The Royal Regiment of Canadian Artillery celebrates 150th in UK as Queen’s Guard –

The public service contingent of the Royal Regiment of Canadian Artillery (RCA UK PDC) spent six weeks undergoing intensive training and a training exercise at Canadian Forces Base Shilo, home to most of the soldiers of the 1st Contingent regiment, the Royal Canadian Horse Artillery (1 RCHA).

This was in response to a special invitation from Her Majesty Queen Elizabeth II to honor and commemorate the 150th anniversary of the formation of A and B Batteries of the Royal Regiment of Canadian Artillery (RCA). The contingent of RCAF soldiers and officers were invited to form the Queen’s Guard in the United Kingdom.

This contingent (RCA UK PDC) is made up of 90 soldiers who traveled from Canada to England, where they received additional training for the Fit for Role inspection.

“The Fit for Role Inspection was conducted by senior officers from the British Army Households Division and was the last official verification of the contingent’s ability to perform the duties of the Queen’s Guard. This intensive inspection included a review of ceremonial uniforms, drill sequences, excellent posture, discipline and accuracy of steps and orders, ”says Ottawa press release – National Defense / Canadian Armed Forces.

The RCA UK PDC served as the Queen’s Guard at Buckingham Palace, St James’s Palace, Windsor Castle and the Tower of London throughout their stay. A contingent of 36 RCAF band soldiers will accompany the guards on the ascents and descents.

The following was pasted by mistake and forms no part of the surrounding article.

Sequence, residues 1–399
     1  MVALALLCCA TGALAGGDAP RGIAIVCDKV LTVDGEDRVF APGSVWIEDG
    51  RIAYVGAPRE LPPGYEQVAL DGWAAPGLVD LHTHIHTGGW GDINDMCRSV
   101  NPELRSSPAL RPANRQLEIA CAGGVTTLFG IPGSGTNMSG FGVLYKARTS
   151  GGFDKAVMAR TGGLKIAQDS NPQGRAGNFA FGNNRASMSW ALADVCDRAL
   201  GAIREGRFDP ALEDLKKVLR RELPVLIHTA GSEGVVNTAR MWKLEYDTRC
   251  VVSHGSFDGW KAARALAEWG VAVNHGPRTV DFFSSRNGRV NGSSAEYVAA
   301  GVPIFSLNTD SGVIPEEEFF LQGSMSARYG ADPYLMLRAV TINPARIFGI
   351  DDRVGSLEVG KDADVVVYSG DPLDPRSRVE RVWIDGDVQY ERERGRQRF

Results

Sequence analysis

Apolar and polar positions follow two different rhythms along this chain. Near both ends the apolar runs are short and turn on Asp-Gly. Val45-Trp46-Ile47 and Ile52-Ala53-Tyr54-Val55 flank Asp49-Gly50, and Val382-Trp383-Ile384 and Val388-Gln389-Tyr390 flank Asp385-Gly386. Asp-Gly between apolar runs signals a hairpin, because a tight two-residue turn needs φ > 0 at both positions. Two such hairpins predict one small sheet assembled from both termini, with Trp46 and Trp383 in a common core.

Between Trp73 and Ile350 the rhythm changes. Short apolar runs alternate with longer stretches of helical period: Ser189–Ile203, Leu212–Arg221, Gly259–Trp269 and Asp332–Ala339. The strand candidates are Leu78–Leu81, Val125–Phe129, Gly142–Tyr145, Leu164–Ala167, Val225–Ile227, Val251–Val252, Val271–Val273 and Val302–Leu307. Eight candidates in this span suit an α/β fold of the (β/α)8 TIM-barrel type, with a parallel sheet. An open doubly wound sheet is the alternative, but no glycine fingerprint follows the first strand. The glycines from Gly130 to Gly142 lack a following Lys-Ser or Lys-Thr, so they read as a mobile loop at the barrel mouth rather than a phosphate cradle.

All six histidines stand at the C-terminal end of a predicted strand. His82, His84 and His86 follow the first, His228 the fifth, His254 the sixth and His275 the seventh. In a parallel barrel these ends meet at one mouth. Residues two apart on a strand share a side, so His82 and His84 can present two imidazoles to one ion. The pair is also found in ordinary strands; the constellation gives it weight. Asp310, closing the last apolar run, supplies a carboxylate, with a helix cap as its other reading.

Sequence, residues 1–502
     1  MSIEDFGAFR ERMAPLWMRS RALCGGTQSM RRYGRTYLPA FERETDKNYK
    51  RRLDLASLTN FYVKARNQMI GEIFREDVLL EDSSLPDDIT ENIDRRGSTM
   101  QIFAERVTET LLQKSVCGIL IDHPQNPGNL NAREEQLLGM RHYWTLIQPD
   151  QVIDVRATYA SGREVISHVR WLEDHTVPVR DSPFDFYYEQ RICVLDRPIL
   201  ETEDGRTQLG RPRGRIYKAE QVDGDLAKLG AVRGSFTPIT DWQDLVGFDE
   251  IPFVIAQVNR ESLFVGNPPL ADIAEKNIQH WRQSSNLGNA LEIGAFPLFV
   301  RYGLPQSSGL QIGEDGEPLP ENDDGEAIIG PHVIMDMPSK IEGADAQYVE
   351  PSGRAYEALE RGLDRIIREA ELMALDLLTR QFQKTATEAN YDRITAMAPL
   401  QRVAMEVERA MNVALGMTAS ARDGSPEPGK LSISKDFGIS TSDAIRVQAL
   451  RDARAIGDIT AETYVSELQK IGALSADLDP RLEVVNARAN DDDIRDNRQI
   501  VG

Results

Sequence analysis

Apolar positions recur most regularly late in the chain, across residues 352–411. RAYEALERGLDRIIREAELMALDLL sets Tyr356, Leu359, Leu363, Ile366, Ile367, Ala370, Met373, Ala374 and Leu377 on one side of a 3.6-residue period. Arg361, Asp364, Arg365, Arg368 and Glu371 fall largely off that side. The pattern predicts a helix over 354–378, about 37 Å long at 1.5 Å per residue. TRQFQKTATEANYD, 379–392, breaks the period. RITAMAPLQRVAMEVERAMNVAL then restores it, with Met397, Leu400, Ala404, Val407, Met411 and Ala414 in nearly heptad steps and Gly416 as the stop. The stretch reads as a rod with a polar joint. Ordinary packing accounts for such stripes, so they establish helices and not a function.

The first cut of their Changing of the Guard at Buckingham Palace, St James’s Palace and the Tower of London took place on October 4, followed by the making of their first cut of the guard at Windsor Castle the following day. They will continue to serve until the end of October.

“The Queen’s Guard is made up of soldiers and officers tasked in support of the civil authorities with guarding the sovereign and the official royal residences in the United Kingdom,” the press release continued.

“The founding of Battery A (in Kingston, Ont.) And Battery B (in Quebec) of 1 RCHA in 1871 paved the way for Canada’s professional army. It enabled Canada to take responsibility for its defense and laid the foundations for political autonomy. This public service opportunity continues the tradition of Commonwealth soldiers working closely with the British Armed Forces while demonstrating the professional capabilities of the Royal Regiment of Canadian Artillery and the Canadian Armed Forces in an international context.

Major Michael Croisier, Guard Commander, Public Service Contingent of The Royal Regiment of Canadian Artillery, UK, explained how truly an honor this is. “This is truly a unique opportunity for our soldiers and they are taking advantage of it every moment. While the training and preparations leading up to this were at times long and tiring, when the Canadian soldiers marched into the forecourt of Buckingham Palace, they really felt the full magnitude of their tasks. This is by no means a routine task for members of the Canadian Armed Forces and it is an honor and a privilege to be here as a member of the Queen’s Guard.

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